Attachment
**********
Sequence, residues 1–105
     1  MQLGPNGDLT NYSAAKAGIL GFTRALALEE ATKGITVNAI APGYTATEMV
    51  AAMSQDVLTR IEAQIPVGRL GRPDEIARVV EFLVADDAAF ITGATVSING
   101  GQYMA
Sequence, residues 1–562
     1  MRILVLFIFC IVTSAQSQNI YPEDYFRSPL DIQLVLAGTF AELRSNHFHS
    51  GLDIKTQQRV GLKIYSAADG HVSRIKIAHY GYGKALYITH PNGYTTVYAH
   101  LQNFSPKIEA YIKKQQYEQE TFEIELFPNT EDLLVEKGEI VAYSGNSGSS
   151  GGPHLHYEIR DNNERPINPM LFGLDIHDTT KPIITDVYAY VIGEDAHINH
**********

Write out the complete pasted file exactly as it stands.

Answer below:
Sequence, residues 1–105
     1  MQLGPNGDLT NYSAAKAGIL GFTRALALEE ATKGITVNAI APGYTATEMV
    51  AAMSQDVLTR IEAQIPVGRL GRPDEIARVV EFLVADDAAF ITGATVSING
   101  GQYMA
Sequence, residues 1–562
     1  MRILVLFIFC IVTSAQSQNI YPEDYFRSPL DIQLVLAGTF AELRSNHFHS
    51  GLDIKTQQRV GLKIYSAADG HVSRIKIAHY GYGKALYITH PNGYTTVYAH
   101  LQNFSPKIEA YIKKQQYEQE TFEIELFPNT EDLLVEKGEI VAYSGNSGSS
   151  GGPHLHYEIR DNNERPINPM LFGLDIHDTT KPIITDVYAY VIGEDAHINH